Background: Lateral spread response (LSR) to the electrical stimulation of a facial nerve branch is a specific electrophysiological feature of primary hemifacial spasm (HFS). The curative treatment of HFS is based on surgical microvascular decompression (MVD). However, the outcome of this procedure is not always satisfactory.
Objective: To evaluate the correlation between intraoperative LSR changes and the short- and long-term postoperative clinical outcome following MVD.
Methods: Thirty-two consecutive patients with primary HFS treated by MVD performed with intraoperative LSR monitoring were retrospectively included. The patients were assessed for the presence of HFS and surgical complications at 1 day, 1 month and 6 months after surgery. The long-term clinical result was assessed between 1 and 10 years (mean 5.4 years) using a self-report questionnaire.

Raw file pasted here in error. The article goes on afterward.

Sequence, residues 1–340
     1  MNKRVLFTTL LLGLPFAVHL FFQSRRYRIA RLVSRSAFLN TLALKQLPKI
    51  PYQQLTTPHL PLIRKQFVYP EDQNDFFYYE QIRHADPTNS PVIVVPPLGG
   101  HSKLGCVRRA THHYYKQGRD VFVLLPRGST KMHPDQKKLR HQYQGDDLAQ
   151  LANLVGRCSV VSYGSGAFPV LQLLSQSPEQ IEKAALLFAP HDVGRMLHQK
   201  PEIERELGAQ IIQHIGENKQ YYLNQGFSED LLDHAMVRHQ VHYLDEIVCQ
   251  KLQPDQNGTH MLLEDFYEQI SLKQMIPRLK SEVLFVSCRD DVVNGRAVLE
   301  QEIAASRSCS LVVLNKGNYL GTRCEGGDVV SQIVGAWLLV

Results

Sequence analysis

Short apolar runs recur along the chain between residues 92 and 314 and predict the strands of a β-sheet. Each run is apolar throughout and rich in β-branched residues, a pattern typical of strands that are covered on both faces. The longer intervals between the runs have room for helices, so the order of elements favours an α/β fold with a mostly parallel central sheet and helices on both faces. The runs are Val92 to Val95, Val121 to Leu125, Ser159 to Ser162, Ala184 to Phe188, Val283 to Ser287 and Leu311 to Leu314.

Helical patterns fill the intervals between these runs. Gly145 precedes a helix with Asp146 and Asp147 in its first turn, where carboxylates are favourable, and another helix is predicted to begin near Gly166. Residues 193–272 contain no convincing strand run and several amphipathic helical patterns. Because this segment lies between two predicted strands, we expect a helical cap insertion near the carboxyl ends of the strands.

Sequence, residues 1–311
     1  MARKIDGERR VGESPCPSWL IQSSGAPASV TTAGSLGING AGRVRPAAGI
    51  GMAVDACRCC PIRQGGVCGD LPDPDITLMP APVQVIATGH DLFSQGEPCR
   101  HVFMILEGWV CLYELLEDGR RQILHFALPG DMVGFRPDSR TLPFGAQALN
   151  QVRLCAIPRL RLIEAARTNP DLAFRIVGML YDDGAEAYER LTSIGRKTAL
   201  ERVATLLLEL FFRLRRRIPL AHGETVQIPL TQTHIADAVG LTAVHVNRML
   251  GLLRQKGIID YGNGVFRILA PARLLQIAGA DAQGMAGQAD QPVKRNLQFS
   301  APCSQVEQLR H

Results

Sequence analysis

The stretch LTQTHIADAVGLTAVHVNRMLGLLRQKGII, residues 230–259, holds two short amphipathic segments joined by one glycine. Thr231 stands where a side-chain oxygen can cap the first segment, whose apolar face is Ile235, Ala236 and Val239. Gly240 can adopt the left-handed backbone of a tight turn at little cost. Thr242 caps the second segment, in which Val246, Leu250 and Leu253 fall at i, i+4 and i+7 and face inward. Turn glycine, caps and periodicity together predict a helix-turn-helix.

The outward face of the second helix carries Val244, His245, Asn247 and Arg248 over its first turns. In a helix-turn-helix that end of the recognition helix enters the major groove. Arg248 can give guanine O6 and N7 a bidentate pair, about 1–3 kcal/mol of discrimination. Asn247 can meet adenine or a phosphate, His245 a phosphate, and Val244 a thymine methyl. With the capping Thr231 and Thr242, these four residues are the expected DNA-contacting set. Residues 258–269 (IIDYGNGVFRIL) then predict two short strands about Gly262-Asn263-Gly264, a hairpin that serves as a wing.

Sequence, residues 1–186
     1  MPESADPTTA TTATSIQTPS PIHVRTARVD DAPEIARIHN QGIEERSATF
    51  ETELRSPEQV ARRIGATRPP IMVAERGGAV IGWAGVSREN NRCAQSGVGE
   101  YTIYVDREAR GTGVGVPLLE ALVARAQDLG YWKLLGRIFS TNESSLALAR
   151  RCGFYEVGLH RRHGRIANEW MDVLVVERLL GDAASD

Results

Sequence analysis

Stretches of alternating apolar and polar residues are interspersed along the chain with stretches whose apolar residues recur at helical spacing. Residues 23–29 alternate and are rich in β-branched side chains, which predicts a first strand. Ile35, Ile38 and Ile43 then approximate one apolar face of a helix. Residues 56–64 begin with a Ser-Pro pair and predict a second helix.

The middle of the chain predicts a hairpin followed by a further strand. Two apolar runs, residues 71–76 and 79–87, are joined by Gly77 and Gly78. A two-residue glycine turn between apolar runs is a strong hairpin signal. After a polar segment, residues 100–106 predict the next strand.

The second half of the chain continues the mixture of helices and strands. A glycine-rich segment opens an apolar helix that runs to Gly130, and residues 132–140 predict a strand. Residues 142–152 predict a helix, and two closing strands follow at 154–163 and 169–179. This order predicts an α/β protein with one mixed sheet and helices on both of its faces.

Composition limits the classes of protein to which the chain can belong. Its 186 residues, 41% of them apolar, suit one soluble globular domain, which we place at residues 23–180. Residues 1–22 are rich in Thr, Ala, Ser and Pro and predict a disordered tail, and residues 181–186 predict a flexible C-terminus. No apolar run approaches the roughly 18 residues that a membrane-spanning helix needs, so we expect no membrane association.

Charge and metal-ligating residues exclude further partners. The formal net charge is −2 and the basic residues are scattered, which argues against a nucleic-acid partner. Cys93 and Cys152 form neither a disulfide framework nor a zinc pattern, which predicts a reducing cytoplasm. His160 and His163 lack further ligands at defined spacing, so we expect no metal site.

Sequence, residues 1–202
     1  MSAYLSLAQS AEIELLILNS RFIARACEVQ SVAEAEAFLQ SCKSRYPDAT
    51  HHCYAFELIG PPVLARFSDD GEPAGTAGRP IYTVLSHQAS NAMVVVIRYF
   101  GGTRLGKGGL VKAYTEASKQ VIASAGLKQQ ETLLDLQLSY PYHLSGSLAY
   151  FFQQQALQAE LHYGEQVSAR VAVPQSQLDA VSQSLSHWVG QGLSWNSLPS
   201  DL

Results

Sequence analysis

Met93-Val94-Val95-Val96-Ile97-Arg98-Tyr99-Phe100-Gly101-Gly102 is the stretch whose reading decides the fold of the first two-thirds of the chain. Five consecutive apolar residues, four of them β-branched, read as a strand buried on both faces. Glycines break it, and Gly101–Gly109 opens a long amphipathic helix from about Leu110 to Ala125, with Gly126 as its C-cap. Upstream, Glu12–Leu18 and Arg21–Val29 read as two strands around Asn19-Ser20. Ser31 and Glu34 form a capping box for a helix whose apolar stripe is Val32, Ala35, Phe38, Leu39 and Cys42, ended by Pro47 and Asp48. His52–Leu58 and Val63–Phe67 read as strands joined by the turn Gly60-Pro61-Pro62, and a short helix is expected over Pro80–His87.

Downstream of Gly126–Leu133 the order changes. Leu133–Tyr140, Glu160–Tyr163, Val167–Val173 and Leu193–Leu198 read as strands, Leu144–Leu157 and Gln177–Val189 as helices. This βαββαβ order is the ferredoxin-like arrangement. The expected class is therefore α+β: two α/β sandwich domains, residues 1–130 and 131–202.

Results: Patients were divided into three groups based on intraoperative LSR changes: (1) in 15 patients, LSRs were present before incision and disappeared after MVD (47%); (2) in nine patients, LSRs were present before incision but persisted despite MVD (28%); (3) in eight patients, LSRs were absent before surgery and remained so after the procedure (25%). Intraoperative LSR abolition during the MVD procedure correlated with HFS relief in the long term (p<0.0001, Fisher exact test), but not on the first day after surgery (p = 0.3564).
Conclusions: Monitoring MVD by recording LSRs intraoperatively could be of value not only to indicate the resolution of the vasculonervous conflict at the end of surgery, but also to predict a successful clinical outcome in the long term after the surgical intervention.
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Competing interests None.
Provenance and Peer review Not commissioned; externally peer reviewed.